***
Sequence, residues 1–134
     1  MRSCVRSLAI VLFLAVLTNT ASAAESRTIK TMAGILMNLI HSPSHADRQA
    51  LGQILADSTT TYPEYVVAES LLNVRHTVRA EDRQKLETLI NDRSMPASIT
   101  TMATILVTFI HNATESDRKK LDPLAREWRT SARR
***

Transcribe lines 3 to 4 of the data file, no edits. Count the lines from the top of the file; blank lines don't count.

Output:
    51  LGQILADSTT TYPEYVVAES LLNVRHTVRA EDRQKLETLI NDRSMPASIT
   101  TMATILVTFI HNATESDRKK LDPLAREWRT SARR